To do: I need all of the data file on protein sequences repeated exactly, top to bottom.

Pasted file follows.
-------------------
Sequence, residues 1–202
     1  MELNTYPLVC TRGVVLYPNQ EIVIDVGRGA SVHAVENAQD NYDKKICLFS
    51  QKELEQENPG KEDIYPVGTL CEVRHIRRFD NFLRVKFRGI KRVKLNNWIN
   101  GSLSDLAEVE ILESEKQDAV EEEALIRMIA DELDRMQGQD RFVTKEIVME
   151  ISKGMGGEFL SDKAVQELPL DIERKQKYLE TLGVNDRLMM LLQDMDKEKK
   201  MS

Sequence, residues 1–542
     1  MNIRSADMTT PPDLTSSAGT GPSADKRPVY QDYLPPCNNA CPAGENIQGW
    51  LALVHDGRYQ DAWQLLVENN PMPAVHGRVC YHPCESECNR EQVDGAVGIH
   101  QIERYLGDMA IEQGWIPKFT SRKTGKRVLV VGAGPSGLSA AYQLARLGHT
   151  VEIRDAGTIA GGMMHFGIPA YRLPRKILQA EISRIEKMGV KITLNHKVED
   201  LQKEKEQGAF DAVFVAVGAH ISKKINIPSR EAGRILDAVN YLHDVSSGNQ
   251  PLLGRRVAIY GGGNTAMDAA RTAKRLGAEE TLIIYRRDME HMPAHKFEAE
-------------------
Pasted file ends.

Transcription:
Sequence, residues 1–202
     1  MELNTYPLVC TRGVVLYPNQ EIVIDVGRGA SVHAVENAQD NYDKKICLFS
    51  QKELEQENPG KEDIYPVGTL CEVRHIRRFD NFLRVKFRGI KRVKLNNWIN
   101  GSLSDLAEVE ILESEKQDAV EEEALIRMIA DELDRMQGQD RFVTKEIVME
   151  ISKGMGGEFL SDKAVQELPL DIERKQKYLE TLGVNDRLMM LLQDMDKEKK
   201  MS

Sequence, residues 1–542
     1  MNIRSADMTT PPDLTSSAGT GPSADKRPVY QDYLPPCNNA CPAGENIQGW
    51  LALVHDGRYQ DAWQLLVENN PMPAVHGRVC YHPCESECNR EQVDGAVGIH
   101  QIERYLGDMA IEQGWIPKFT SRKTGKRVLV VGAGPSGLSA AYQLARLGHT
   151  VEIRDAGTIA GGMMHFGIPA YRLPRKILQA EISRIEKMGV KITLNHKVED
   201  LQKEKEQGAF DAVFVAVGAH ISKKINIPSR EAGRILDAVN YLHDVSSGNQ
   251  PLLGRRVAIY GGGNTAMDAA RTAKRLGAEE TLIIYRRDME HMPAHKFEAE